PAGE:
Have you ever noticed how after a notorious celebrity dies, the media instantly drops their criticisms and forgets all of the flaws they mercilessly and consistently pointed out? Do you ever feel like a recently deceased celebrity is being mega-praised? The point I’m trying to convey is completely aside from the respect aspect of a celebrity death. In terms of media ethics, one could argue that sudden deaths of celebrities cause a drastic change of press coverage from negative to positive. There are countless examples that demonstrate this phenomenon.
First, I would like to say that this topic relates directly to the unexpected death of Whitney Houston this past week. Houston was a celebrity who experienced a great deal of media criticism during her fame. She was a talented singer and actor, and had many good qualities to her (may she rest in peace), but aside from her sudden passing, let us take a look at media coverage of Houston prior to her passing. In a Herald Sun article from 2010, “The fall and fall of Whitney Houston,” there is quite the atmosphere of negativity.
“Houston spent most of that time (out of the spotlight) smoking cocaine-laced marijuana.”
“She can’t sing her power ballads from the ‘80s anymore.”
Among these criticisms in the article, the writer goes on to discuss Houston’s admission to freely using cocaine to Oprah Winfrey. The article clearly disapproves of Houston’s celebrity image. After her death, however, the Herald Sun came out with an article praising Houston’s life. The article titled “Remembering Whitney Houston through her songs” describes Houston as legendary, tells of her Grammys and memorable appearances and narrates her life through her music career. Now that Houston has passed on, she will be remembered through the foreseeable future as an amazing musician; not a drug addict or untalented singer.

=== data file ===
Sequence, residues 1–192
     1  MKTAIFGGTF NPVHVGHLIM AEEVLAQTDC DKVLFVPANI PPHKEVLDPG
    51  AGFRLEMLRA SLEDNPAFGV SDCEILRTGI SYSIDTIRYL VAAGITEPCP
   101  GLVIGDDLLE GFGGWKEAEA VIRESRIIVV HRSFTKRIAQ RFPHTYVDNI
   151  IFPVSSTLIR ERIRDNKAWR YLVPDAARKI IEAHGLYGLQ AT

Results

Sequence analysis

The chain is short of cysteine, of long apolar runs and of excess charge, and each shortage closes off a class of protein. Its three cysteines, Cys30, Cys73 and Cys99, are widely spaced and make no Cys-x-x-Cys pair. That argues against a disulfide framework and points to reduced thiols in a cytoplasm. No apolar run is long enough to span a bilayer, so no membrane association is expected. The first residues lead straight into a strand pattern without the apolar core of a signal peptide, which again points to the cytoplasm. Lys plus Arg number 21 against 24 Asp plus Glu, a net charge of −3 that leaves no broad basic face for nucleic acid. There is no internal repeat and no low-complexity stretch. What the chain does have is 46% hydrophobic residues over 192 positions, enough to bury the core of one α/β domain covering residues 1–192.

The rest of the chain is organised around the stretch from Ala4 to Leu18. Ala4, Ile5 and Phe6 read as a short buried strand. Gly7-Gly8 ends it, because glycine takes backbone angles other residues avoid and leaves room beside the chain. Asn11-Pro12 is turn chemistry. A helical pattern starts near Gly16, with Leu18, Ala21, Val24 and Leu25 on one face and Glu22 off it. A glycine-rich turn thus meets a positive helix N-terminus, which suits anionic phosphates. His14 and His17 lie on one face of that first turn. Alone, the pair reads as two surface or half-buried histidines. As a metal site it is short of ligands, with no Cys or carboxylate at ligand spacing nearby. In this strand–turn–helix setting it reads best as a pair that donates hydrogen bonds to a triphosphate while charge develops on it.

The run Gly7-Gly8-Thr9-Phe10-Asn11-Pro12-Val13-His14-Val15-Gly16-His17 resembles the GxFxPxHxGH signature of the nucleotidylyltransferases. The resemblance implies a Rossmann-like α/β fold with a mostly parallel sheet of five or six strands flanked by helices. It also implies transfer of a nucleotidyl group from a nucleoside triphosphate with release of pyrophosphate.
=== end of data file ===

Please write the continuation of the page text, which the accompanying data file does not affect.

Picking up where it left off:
Michael Jackson is a classic example of drastic changes in media coverage. Prior to the sudden death of the vilified celebrity, press coverage of the “King of Pop” usually involved the terms “molestation,” “cosmetic surgery” or “balcony.” There are timelines of Jackson scandals, articles criticizing his behavior around children and proposed reasons for why Jackson had fallen from his greatness. E! Network even created a simulation of Jackson’s court experiences entitled “The Michael Jackson Trial.” These media publications were arguably not joyously praising the celebrity. After Jackson’s passing, the media seemed to scrape their sacred scandals under the public rug. E! completely dropped the molestation topics, and moved on to “mourning the loss of two great entertainers,” in an article on their website. Other press sources follow suit, and the mass criticisms halted for quite some time.
Media coverage before and after celebrity deaths occurs in the same fashion for other celebrities like Jackson and Houston: Lisa ‘Left-Eye’ Lopez, Elvis Presley, the list goes on. These stars experienced media scrutiny prior to their death then their left-behind existence experienced abundant glory and praise from the very sources that fanned the flames of their troubles. Stars who experience a crisis or scandal are especially prone to this media attacking. Press coverage of celebrities could lead one to ask: do the press over-scrutinize celebrities while they are alive, and then compensate for the criticisms by bombarding their name with praises after they pass away? Just a little something to consider in the world of media ethics the next time an infamous celebrity suddenly dies.